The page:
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From the Promoter
About Rich Aucoin:
With a carnival spectacle of a live show, Halifax's symphonic-pop poster boy Rich Aucoin is a musical mastermind. Sing your swelling heart out, dance among a cloak of confetti, just don't stop the sonic alchemy.
The night begins (with instruction) and ends (sweatily) the same way. And in between there is nothing but love.
But what happens before and after each one of these events—art, the music theory, the travel, the sacrifice, the lonely, the video rendering—goes unseen. Now is the time for it to be heard.
On Ephemeral, Rich Aucoin takes his past three years of relentless worldwide touring—pick a town in France, a festival in Europe, heck, even pick a beach party in Madagascar, he’s been there and you were up front—and distills all of the big ideas philosophy majors like him love to ruminate on into 10 sharp dance-pop songs all pointed toward the same goal: to gather the things that keep us afraid and apart, and use them to pull us together.
“After 45 minutes of the most intense singing and dancing and butt-touching of your life and you're in the middle, screaming, ‘We won't leave it all in our heads’ in a voice so wild and unabashed you normally wouldn't even let your shower hear it. It's the kind of fun where you turn to your friend in the middle of it and go ‘Is this real?!’ And it is,” as Neil Fridd, leader of frequent Aucoin tour/bandmates Terror Pigeon, puts it.
Everything Aucoin does feeds into another thing, his whole life an endless connected mass of roots, needing air and water and a light show to really be seen—there are songs that match videos that stop in time for the parachute to unfurl—there are so many devoted and curious fans getting under them now, that Aucoin has to custom- order them for size. “He's already holding stadium-calibre, interactive live spectacles in the confines of clubs,” marvelled CBC Radio 3’s Grant Lawrence in 2012. “Imagine what this Halifax electro-imagineer could do in a hockey arena?”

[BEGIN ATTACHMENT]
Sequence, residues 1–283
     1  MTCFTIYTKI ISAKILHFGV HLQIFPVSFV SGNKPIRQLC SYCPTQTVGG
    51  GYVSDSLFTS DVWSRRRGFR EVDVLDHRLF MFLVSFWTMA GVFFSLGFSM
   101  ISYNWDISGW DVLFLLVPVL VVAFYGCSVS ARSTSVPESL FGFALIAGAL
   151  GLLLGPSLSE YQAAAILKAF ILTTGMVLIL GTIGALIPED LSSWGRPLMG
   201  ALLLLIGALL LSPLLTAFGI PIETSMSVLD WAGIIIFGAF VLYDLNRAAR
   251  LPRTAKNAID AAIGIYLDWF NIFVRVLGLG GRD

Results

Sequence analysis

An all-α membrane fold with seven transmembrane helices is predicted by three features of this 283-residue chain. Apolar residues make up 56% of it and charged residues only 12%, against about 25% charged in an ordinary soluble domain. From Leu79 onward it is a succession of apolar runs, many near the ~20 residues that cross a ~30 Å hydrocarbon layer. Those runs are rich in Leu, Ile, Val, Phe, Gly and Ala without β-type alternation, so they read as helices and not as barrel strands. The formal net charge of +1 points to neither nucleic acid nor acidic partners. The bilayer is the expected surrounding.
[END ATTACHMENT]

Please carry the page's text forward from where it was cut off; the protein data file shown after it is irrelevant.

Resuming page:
“The power of his music that makes people want to dance, is that it’s a combination of the music, and what he’s doing on stage,” says comedian and ex-roommate Mark Little. “It’s not a plea for people to dance, but it’s kind of a persistent ‘Dance, dance, don’t forget to dance.’ I’ve never seen it work before. He gets people to dance when they wouldn’t normally dance—it’s the same quality that makes you not-annoyed with his positivity.”
“In times like this/I wanna be a believer!” Aucoin shouts on the driving, dynamic “Want to Believe,” an exuberant anthem mixed by Grammy Award winner Mick Guzauski (Daft Punk)—and it’s not surprising that he means all times. “I want to believe,” he says, “and am on a quest to try to have as many experiences as I can to illicit belief.”
Despite his seemingly superhuman abilities—“I think he has it in his head that he wants to do one memorable thing every day,” says Little, “which I think is insane”—Aucoin has experienced the same loss and doubt as any other person. On the deceptively upbeat “Four More Years,” he lays out the toll an outsized life can take on the heart beneath it: “I’m alone so much/what good are friends you cannot touch…I fuckin’ miss my friends.”
Lastly and most importantly, Ephemeral was inspired by the story of The Little Prince. (It runs in synchronization with the 1979 claymation version.) “This album was written to explore the same concepts and theme contained in Antoine de Saint-Exupéry’s densely filled children's novella; themes of the ephemerality of human existence, the absurdity of life, the values placed upon the pursuit of power, wealth and knowledge,” says Aucoin. “Isolation and relationships are a big focus in the book and the record and the realization that our relationships are the most important part of our short existence.”